Wednesday, June 17, 2009

More on Holmes' "Sobieski Street Castle."

Another article has been discovered about H.H. Holmes' North Side Glass Bending Factory, the location of which is a regular tour stop (and one of the two or three most actively haunted locations we know of in the city right now). The basic story on the place is that Holmes had buildings all over the city in addition to the famous Murder Castle, including an office in the Loop, a candy shop on Milwaukee Avenue,  an apartment on Wrightwood, a house in the suburbs, and a house and glass bending factory - thought by police to be used more for body disposal than glass bending - on the North Side, about mid-way between the apartment on Wrightwood and the candy store.

We suspect that two of his known victims, Emily Van Tassel and Minnie Williams, were killed and/or disposed of there based on its location in proximity to their residences. Their bodies were never found. It's unlikely that Holmes would have set up a whole factory just to get rid of two bodies, though.

Shortly after the fire at the murder castle, which didn't actually level the building (as most books say) but did destroy a lot of evidence, Patrick Quinlan (Holmes' "Janitor," who may have started the fire) carted several cartloads of garbage out of the "factory."  The cops found it about a week later, mostly empty, but with a wall of kilns that may have contained human ashes (forensic science was a couple of years off - this was an age when a bloody rag could be discovered in the basement of the castle and people could actually argue over whether it was blood or paint) (the first use of bone fragments as evidence would actually be a few years later - with a bit of jaw bone found in the Luetgert Sausage Factory, which, in the days of Holmes' factory, was thriving just a few blocks away).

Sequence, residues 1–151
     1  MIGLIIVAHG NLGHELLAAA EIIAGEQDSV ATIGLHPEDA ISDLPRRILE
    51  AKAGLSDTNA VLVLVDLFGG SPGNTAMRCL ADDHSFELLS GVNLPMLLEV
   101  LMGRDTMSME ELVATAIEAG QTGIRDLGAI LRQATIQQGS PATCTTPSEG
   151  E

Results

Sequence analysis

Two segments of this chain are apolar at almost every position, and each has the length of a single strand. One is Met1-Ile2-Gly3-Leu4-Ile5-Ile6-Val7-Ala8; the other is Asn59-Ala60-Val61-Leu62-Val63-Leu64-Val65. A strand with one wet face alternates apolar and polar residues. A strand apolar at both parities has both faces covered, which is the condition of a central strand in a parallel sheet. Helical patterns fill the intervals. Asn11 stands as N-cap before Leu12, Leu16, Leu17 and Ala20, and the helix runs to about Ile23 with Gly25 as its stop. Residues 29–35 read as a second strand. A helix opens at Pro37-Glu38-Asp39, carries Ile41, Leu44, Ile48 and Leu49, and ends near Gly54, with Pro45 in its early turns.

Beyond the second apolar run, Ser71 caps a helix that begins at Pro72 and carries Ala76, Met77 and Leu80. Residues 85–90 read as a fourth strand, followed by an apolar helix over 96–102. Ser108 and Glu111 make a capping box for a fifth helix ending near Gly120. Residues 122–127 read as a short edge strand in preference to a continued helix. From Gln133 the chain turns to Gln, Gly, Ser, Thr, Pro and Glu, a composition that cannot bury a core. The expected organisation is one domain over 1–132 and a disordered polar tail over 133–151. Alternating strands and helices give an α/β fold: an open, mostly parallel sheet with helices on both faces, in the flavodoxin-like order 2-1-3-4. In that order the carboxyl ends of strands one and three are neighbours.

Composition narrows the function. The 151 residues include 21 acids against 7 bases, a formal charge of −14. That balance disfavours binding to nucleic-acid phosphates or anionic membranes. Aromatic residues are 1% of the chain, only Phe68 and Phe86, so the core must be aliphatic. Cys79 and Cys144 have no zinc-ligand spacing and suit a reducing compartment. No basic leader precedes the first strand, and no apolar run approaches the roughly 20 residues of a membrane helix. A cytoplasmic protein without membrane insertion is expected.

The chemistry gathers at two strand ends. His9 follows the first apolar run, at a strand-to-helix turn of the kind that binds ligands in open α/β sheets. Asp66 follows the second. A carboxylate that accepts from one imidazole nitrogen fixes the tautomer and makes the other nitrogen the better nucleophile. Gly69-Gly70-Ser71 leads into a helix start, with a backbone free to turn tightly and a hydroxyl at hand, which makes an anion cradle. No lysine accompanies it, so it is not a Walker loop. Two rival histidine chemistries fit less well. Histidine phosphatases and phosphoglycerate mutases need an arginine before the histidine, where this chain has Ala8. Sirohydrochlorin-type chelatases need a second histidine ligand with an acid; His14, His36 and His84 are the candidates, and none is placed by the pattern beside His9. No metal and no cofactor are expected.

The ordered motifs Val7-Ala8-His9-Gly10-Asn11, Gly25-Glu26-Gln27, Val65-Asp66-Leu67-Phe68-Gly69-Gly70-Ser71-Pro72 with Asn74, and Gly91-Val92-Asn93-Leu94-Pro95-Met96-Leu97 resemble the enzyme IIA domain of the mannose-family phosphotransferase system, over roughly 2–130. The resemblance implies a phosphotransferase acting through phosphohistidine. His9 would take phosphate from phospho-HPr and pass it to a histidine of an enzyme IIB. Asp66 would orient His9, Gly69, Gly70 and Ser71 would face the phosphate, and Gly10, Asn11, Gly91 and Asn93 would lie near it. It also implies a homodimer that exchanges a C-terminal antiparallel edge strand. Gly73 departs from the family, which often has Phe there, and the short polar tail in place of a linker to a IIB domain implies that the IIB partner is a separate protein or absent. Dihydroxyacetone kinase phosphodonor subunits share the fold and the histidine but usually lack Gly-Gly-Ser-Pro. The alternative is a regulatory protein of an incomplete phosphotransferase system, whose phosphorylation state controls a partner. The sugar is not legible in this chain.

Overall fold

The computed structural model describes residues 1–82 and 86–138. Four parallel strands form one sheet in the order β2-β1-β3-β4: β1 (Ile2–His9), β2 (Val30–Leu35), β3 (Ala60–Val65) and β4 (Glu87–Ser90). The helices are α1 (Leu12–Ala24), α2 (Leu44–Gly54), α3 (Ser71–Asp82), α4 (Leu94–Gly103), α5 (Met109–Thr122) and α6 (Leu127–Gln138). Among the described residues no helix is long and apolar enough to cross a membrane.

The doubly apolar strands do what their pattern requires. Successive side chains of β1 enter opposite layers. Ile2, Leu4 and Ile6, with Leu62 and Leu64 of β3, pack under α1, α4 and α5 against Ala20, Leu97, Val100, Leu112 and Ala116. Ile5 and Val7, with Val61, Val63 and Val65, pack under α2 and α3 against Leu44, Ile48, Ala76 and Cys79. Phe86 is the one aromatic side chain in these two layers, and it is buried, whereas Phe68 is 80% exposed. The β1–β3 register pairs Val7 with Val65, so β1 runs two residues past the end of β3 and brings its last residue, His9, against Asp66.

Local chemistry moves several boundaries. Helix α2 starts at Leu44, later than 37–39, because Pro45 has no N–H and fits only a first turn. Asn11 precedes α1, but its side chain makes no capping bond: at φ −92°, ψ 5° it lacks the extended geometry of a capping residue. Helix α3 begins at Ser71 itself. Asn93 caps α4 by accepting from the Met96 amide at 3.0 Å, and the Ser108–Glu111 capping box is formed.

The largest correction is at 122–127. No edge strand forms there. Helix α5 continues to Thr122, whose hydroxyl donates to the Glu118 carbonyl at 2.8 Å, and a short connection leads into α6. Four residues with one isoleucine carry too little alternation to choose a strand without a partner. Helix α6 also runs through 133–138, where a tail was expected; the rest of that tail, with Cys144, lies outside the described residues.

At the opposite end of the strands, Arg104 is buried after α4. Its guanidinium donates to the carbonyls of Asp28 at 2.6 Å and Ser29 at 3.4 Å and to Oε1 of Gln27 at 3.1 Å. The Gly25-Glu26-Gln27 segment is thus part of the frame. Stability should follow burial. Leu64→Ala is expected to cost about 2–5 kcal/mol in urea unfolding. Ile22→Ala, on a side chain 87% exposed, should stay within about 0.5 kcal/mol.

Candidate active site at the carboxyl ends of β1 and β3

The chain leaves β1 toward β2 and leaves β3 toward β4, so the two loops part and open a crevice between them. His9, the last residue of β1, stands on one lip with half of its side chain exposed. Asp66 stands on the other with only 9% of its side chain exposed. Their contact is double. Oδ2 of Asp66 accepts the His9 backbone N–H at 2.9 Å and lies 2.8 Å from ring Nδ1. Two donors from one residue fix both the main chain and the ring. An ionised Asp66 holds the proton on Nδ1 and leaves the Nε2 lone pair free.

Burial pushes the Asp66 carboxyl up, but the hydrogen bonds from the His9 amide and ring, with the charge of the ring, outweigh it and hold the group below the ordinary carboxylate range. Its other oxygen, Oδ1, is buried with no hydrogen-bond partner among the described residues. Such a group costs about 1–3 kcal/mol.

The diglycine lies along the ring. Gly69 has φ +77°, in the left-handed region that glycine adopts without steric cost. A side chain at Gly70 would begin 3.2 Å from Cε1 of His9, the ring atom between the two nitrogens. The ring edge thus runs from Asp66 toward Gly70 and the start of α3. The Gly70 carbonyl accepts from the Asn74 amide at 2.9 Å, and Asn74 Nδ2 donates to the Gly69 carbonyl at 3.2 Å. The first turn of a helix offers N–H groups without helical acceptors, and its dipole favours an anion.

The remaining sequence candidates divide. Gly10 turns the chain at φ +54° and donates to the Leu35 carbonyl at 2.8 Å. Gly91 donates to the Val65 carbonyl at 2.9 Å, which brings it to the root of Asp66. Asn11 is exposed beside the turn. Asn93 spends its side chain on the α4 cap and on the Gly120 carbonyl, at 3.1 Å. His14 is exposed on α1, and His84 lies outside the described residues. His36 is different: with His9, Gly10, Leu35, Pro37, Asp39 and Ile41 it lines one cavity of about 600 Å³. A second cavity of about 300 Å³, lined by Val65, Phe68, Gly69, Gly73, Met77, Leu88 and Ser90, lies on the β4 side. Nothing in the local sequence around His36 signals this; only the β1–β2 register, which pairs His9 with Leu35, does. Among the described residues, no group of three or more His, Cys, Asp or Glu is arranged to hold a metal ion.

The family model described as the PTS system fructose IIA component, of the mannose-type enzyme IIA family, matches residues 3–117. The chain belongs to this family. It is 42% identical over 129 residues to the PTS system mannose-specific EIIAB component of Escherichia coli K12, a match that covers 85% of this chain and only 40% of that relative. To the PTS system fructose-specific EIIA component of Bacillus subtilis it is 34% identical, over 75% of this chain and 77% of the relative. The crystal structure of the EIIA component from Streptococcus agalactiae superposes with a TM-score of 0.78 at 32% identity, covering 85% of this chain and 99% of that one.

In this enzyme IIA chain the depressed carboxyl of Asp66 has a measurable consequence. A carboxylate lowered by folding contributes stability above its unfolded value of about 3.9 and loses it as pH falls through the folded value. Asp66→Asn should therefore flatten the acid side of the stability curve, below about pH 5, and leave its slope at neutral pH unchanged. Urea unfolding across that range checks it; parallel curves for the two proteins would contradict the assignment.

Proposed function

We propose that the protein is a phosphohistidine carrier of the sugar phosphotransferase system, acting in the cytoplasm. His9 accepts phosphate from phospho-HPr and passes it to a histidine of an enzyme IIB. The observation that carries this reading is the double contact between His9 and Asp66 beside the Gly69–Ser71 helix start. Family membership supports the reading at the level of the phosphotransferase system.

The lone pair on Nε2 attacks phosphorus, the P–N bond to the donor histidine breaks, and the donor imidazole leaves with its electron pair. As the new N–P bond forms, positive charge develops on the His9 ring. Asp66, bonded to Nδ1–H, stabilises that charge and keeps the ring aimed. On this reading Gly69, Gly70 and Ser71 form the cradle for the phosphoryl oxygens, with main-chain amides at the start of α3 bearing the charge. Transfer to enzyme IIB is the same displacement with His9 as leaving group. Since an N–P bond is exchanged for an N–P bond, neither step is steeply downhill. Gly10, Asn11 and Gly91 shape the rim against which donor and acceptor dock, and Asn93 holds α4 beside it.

The new information:

- In addition to delivery slips with Quinlan's signature, there were also several forms found scattered about the place and the vicinity from the ABC Copier Company, the business Holmes had run in the Loop. Some papers were identified as having belong to Minnie Williams. According to the detective who discovered the place, Minnie Williams actually lived there for a while at an apartment in the back.

- Most of the neighbors spoke only Polish, and couldn't tell many detailed stories to the police (beyond identifying Holmes as the owner based on photographs), but told stories of a cart that would often arrive to load in a few bundles. It would leave with the exact same bundles. No one seemed to think the place had ever actually been used for glass bending.

- Diagrams found on the scene indicate that there had recently been a furnace present large enough to accommodate a body - this is presumably one of the things Quinlan removed.

Strangely enough, the site of the factory seems MORE haunted than the location of the famous Murder Castle itself, which was certainly said to be haunted while it stood, but has apparently been fairly quiet, other than the poltergeist-type stuff we hear about EVERY building, since the post office was built on the site in 1938. We've heard moans and crying sounds around there. Lots of weird "energy" stuff goes on sometimes. We've even had one actual, full-body apparition seen there. It's not the kind of thing that would (or should) hold up in court, but the hauntings there may be the only evidence the of the murders that was left behind....


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3 comments:

itsjodes said...

I can't find "the factory" Can you help?

Adam Selzer said...

Well, it's long gone now. It occupied part of the same footprint of the tool and dye sho across from the garage that runs alongside the railroad tracks.

The Bieschke Blog said...

Where did you get your information on H. H. Holmes? I am doing a History Fair Report on him and I have only found a book and a documentary him. It seems that you have found a lot about him. Please contact me here is my email, Bieschke.Tyler@gmail.com please tell me.

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